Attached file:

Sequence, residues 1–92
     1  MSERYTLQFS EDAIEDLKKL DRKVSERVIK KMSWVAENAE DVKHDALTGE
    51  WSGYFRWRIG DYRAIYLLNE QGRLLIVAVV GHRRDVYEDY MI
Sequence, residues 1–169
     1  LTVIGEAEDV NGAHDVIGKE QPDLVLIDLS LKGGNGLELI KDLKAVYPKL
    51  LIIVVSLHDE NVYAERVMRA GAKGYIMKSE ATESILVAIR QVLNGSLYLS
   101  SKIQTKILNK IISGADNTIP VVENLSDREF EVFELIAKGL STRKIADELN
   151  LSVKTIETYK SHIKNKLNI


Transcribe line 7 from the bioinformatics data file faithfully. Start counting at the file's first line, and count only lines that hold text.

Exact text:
   101  SKIQTKILNK IISGADNTIP VVENLSDREF EVFELIAKGL STRKIADELN